A little more than a decade after its birth, Canada set out to build a railway that would bind the new nation from coast to coast.
Its builders blasted through the granite of the Canadian Shield north of Lake Superior. They spanned rushing rivers and train-swallowing muskeg. They raced across the Prairies, laying up to five miles of track a day. They dug tunnels in the Rockies. They built towering wooden trestles over mountain valleys.
Workers – among them thousands of cruelly exploited Chinese labourers – battled clouds of mosquitoes in the summer and frostbite in the winter. Many died in blasting mistakes and other accidents.
On Nov. 7, 1885, the eastern and western sketches of the Canadian Pacific Railway met at Craigellachie, B.C. White-bearded Donald A. Smith drove the “last spike.” The whole enterprise took around five years.
A century and a quarter later, Toronto set out to build a transit line across the city. There were no mountains to cross or roaming bears to fear, only the mild urban landscape of midtown Toronto. Instead of sweated labour, the builders employed massive modern boring machines to dig a tunnel for the central part of the line. Total distance to be covered: 19 kilometres, a half day’s walk.
Construction began in the summer of 2011. Officials said the job would be done by 2020, but later pushed that back to 2021, then 2022. Now the government can’t say when the line might open.
Ontario’s Transportation Minister, Caroline Mulroney, told reporters this week that she would love to give the public a date but the contractor that is building the Crosstown has failed to supply a credible timetable for the final work. Phil Verster, the chief executive of Metrolinx, the provincial transit agency, also blamed the contractor, saying that the project faced 260 quality problems, including track that had been laid incorrectly, a flaw that could cause derailments unless corrected. “I don’t control the schedule,” he said.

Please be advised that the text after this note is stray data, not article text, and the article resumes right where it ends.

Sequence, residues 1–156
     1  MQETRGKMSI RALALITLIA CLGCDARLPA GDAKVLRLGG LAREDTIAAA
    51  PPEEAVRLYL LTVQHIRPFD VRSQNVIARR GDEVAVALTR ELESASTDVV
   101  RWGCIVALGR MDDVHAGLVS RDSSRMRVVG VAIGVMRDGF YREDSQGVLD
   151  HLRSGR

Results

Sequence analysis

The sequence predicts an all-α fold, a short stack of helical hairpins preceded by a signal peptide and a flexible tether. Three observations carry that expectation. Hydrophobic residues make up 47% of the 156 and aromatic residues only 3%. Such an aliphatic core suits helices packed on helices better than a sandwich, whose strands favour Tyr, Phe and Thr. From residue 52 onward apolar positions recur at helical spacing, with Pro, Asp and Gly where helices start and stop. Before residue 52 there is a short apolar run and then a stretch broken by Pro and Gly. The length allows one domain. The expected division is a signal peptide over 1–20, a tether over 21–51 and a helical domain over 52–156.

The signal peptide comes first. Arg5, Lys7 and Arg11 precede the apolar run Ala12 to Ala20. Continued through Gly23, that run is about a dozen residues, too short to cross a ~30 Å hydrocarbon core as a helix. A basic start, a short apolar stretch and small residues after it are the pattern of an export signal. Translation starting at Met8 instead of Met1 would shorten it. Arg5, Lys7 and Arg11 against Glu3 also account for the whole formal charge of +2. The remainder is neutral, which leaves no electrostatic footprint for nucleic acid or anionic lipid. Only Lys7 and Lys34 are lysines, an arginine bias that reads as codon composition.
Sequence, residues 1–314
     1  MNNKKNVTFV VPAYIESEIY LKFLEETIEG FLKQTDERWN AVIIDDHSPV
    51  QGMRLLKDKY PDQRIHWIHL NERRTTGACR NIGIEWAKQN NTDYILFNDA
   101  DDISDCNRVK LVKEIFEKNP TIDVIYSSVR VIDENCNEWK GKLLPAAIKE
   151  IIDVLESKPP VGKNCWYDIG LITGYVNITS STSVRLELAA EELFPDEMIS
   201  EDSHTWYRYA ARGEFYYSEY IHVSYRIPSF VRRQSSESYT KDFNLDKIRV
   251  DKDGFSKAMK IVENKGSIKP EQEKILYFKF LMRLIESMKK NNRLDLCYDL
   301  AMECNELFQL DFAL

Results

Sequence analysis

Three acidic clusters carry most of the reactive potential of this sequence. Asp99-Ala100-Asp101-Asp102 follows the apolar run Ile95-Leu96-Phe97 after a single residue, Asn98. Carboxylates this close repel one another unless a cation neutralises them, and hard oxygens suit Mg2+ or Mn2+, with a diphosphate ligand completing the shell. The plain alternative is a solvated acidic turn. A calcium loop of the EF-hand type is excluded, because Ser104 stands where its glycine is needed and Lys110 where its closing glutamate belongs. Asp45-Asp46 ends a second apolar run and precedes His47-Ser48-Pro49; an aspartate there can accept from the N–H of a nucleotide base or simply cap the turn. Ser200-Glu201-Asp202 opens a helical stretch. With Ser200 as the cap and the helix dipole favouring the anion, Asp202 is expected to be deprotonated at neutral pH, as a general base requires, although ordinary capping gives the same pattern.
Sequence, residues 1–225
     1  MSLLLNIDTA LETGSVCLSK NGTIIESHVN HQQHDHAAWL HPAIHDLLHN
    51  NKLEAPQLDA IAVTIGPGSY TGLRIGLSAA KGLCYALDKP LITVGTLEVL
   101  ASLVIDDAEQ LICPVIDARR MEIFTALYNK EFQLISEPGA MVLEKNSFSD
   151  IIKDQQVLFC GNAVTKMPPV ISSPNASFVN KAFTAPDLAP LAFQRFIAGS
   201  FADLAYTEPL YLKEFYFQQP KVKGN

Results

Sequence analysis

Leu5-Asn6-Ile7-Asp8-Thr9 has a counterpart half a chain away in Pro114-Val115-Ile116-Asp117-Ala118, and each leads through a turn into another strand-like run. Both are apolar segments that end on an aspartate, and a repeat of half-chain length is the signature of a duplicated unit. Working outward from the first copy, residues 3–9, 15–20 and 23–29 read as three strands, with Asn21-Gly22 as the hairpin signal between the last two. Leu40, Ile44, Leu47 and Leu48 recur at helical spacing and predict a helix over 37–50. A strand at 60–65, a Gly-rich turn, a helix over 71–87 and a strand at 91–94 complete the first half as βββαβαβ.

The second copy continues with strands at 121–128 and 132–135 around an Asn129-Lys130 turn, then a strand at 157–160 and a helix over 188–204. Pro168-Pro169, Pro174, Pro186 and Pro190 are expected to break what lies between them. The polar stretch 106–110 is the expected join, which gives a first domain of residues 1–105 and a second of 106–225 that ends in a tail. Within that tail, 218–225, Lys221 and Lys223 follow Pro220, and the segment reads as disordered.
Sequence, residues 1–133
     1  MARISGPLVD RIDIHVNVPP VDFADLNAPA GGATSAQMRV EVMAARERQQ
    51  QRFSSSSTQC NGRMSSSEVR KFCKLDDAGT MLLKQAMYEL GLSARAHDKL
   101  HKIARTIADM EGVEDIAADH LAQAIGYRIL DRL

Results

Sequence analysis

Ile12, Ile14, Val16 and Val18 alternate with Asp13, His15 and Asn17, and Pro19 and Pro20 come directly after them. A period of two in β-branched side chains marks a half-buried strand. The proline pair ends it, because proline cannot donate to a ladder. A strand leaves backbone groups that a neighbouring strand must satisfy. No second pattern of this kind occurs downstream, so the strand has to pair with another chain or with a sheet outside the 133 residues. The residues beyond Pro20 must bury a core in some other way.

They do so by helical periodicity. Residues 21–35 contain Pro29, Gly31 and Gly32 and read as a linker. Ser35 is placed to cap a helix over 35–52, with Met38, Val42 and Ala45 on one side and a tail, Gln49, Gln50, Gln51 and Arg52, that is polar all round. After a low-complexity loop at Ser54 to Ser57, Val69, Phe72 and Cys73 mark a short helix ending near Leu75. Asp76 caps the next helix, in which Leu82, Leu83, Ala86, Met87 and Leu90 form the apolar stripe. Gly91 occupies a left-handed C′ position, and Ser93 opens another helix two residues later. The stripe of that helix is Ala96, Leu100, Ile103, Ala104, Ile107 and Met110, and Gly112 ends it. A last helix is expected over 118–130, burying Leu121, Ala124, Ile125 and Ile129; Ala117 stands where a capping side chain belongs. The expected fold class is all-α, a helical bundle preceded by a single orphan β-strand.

So, to sum up, no one in charge seems to have the foggiest clue when commuters can expect to start riding the Crosstown. Or if they do know, they aren’t telling. Documents unearthed by the Toronto Star suggest the government told Metrolinx to be stingy with the information it releases about the light-rail project. Either way, more than half a year has gone by since Metrolinx said the Crosstown would miss its latest goal for completion and the public is still in the dark.
This is no way to run a railroad. At a cost of an estimated $12.8-billion, up from $8.4-billion when builders broke ground a dozen years ago, this project is drawing heavily both on the government’s resources and the public’s patience. Torontonians have a right to know when they get the transit service that their taxes are helping to provide. Those who live or run business along the line have a right to know when the mess they have endured for so long might finally come to an end. Instead they are getting excuses and blame shifting.
More than just the future of this transit line is at stake. Toronto is in the midst of a huge and long-overdue expansion of its mass transit system. The north-south Yonge line, the city’s original subway, is being pushed north, the east-west Bloor-Danforth farther east and north. Then there is Premier Doug Ford’s signature project, the Ontario Line, a city-spanning new subway.
After endless stops and starts, Toronto at last has a solid transit plan, funded and approved. The question now is whether authorities can get it built. The last big subway project, a northward extension of the Spadina subway, was also way over budget and years behind schedule when it opened in 2017. The Crosstown debacle is surpassing even that saga.
You only need to drive along the Crosstown route to see the evidence. The intersection of Yonge and Eglinton is still covered with heavy planks spanning the construction zone below. Some of the project’s worst complications have been at this hub. One station just east of the Don Valley Parkway is being torn up for repairs. Inspectors found an uneven layer of concrete. Another station, at Bayview, stands finished and ready.
A digital readout on the street says, a bit redundantly, “not in service.” It might just as easily say “don’t hold your breath.”